Let that be a lesson to me; narcissism just leads to confusion. Or possibly the statistical analysis tool needs some adjustment. I have read none of the works of these writers apart from Margaret Atwood and P.G. Woodhouse, but I am reasonably certain that neither my style, nor, for sure, my content, has any resemblance to theirs.

My 500 word story is on this page.Screen Shot 2014-10-10 at 12.19.51

I did finally stop pfaffing about and started writing today.

Pains and joys – more lessons for the writer and self-publisher

When Border Line came back from the printers, I couldn’t bear to open it for fear of coming across a gigantic error or a name missing from the acknowledgements. So I opened one box, took one copy out and gave it my husband, then shut the box. A week later I bumped into my dear supporter, neighbour and kind reader of early drafts, Maureen Katrak, and knew as I talked to her that I has missed her name from the acknowledgements.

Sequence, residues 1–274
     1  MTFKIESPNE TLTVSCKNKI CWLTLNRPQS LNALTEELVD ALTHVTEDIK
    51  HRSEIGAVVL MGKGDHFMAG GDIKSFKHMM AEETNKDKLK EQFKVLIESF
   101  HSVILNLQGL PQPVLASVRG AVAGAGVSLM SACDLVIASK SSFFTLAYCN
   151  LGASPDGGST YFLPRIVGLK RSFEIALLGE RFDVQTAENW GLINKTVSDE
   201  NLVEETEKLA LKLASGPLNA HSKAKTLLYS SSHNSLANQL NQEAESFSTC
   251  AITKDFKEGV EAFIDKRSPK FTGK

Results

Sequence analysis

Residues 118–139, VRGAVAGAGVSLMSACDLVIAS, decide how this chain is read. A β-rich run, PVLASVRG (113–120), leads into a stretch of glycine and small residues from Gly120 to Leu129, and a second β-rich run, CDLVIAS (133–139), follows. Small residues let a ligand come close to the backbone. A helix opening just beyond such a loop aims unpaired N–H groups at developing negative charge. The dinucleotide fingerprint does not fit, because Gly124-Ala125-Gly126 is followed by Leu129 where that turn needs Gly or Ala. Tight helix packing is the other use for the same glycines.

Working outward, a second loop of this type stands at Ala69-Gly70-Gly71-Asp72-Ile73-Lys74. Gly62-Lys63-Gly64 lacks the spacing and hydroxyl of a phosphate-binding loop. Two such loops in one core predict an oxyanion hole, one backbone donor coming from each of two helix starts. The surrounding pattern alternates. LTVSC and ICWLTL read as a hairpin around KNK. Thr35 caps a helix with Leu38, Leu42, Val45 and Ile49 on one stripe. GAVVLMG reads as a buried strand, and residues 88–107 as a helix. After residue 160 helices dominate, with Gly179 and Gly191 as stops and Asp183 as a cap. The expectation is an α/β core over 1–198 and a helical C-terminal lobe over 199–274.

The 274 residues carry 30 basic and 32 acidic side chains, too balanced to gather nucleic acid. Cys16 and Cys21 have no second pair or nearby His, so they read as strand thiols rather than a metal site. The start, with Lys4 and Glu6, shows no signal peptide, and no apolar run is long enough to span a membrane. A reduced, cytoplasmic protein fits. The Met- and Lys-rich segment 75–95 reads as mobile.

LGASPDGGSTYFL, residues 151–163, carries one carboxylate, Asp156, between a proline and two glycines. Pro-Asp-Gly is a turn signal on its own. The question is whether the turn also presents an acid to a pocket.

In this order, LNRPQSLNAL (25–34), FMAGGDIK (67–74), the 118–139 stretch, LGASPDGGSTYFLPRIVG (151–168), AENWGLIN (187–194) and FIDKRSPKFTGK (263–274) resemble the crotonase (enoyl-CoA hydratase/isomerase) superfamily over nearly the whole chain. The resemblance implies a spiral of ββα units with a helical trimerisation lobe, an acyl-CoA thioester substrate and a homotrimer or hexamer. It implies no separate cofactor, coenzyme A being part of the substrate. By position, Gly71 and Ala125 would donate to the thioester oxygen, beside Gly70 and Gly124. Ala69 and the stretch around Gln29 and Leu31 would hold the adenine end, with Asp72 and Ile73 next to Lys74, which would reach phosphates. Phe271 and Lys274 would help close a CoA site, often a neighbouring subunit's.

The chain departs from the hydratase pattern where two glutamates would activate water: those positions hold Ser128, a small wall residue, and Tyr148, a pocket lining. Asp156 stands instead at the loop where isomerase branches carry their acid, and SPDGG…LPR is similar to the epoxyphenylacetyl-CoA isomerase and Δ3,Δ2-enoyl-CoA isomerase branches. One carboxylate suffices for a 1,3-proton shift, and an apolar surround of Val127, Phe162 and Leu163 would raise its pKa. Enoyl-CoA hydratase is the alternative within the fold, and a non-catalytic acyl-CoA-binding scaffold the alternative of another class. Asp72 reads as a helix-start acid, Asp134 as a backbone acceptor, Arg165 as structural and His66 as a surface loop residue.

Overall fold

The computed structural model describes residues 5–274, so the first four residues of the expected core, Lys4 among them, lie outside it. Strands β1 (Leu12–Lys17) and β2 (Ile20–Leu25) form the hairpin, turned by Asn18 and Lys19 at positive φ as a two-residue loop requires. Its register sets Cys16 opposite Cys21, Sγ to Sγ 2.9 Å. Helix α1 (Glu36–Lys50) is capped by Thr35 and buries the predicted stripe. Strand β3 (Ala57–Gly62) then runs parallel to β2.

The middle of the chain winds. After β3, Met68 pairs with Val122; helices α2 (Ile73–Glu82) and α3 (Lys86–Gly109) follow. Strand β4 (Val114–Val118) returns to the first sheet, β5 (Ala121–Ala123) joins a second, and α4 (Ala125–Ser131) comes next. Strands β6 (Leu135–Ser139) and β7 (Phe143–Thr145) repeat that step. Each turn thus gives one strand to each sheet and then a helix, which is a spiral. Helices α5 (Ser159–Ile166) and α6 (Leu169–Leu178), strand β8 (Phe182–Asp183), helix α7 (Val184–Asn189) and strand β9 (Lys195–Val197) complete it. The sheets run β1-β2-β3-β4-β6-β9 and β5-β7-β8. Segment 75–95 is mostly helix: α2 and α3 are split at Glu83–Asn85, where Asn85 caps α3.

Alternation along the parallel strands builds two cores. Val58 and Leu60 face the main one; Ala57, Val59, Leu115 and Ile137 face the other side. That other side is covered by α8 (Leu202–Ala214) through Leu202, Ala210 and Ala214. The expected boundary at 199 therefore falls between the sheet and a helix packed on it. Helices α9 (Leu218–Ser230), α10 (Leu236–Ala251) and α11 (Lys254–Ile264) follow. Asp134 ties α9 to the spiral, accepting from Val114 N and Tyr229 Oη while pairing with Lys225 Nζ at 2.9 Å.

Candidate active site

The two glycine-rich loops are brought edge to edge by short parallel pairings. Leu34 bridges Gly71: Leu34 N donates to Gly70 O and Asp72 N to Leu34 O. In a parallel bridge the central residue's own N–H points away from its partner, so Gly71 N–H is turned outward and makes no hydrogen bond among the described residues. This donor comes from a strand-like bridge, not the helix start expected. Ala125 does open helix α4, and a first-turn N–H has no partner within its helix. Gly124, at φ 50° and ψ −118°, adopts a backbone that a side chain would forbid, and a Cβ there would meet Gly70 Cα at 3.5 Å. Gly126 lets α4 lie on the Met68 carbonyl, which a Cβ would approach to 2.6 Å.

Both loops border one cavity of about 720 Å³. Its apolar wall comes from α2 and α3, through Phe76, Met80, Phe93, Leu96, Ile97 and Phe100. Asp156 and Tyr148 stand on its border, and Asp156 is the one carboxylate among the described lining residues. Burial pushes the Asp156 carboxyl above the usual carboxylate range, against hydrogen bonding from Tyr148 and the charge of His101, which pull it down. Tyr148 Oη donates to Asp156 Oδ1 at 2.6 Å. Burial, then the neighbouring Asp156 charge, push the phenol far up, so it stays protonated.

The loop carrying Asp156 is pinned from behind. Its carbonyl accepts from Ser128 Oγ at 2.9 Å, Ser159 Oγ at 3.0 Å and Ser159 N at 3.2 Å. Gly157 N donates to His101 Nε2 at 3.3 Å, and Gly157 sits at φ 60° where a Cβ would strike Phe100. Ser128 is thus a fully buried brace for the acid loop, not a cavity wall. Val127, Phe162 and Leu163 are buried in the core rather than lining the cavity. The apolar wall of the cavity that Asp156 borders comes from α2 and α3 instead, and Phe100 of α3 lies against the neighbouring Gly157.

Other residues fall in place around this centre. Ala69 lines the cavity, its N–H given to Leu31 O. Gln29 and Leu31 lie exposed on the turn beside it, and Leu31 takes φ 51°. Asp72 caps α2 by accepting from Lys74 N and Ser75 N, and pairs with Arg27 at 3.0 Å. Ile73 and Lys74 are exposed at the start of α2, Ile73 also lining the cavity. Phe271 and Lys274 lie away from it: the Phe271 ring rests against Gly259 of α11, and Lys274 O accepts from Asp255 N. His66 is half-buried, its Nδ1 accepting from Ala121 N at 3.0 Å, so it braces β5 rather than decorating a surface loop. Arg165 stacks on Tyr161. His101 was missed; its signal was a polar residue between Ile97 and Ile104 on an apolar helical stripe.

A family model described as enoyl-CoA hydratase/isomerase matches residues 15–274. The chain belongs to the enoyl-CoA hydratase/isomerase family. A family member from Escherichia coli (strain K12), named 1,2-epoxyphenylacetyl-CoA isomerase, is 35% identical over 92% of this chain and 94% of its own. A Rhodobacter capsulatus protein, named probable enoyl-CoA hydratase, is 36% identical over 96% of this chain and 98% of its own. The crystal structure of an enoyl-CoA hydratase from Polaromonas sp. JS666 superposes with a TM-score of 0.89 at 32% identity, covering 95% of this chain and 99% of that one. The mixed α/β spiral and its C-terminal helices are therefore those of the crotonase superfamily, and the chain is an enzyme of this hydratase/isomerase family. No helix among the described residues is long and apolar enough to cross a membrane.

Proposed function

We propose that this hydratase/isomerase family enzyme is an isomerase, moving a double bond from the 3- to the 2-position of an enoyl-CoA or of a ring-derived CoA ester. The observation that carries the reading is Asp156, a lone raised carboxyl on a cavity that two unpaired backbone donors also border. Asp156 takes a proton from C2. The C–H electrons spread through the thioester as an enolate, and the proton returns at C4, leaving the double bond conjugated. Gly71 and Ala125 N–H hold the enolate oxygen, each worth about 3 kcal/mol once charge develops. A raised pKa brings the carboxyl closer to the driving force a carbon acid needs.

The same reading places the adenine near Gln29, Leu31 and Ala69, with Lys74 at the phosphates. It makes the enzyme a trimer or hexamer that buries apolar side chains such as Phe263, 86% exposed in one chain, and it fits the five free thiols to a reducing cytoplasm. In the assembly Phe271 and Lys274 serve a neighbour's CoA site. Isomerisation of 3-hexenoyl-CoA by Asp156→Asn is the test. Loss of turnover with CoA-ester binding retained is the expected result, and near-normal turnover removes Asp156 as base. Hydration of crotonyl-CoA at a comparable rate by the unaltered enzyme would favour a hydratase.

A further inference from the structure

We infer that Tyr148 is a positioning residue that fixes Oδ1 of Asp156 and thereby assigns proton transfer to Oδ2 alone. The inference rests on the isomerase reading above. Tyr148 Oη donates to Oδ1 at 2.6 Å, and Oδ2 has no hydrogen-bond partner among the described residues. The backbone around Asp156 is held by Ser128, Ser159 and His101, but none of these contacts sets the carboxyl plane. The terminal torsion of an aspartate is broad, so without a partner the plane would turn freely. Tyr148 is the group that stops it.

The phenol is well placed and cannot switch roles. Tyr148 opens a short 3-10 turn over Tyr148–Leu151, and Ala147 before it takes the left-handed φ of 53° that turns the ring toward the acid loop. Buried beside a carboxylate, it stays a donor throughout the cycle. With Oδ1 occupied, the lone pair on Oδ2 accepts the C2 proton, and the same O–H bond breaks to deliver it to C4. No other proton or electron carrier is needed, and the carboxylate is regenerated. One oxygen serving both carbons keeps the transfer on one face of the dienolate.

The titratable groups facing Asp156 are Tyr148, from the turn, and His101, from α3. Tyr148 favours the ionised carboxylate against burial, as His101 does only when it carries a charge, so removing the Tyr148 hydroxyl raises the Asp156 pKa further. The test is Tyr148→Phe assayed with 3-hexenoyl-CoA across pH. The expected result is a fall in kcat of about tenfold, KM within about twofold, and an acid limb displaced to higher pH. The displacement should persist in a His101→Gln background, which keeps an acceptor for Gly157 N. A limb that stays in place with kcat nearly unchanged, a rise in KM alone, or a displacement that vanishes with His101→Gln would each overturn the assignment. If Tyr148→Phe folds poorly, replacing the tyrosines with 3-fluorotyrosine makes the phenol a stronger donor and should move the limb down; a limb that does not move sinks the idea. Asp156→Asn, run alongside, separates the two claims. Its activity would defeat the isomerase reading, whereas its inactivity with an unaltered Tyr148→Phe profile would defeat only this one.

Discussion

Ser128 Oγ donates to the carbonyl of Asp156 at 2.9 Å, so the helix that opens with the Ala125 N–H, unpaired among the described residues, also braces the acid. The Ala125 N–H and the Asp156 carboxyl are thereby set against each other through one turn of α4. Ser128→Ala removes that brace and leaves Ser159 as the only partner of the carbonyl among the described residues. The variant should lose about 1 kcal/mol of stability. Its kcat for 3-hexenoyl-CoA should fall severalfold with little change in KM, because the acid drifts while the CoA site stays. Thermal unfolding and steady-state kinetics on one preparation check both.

Three days ago I discovered I had forgotten someone equally deserving of my thanks, David King. From the other side of the Atlantic, battling with MS and unable to read without voice software, David has read and given me feedback on at least three drafts of Border Line over the years.

I don’t know by what malign convolution my brain has managed to let slip these names as I wrote up my acknowledgements, I only know that these two people should have been there at the top of the list and I owe them both heartfelt thanks for all they have done.

So, dear writing friends, don’t be an idiot like me, keep a scrupulous record of those amazing people who give you their time, their thoughts, their honest opinions and their kindness.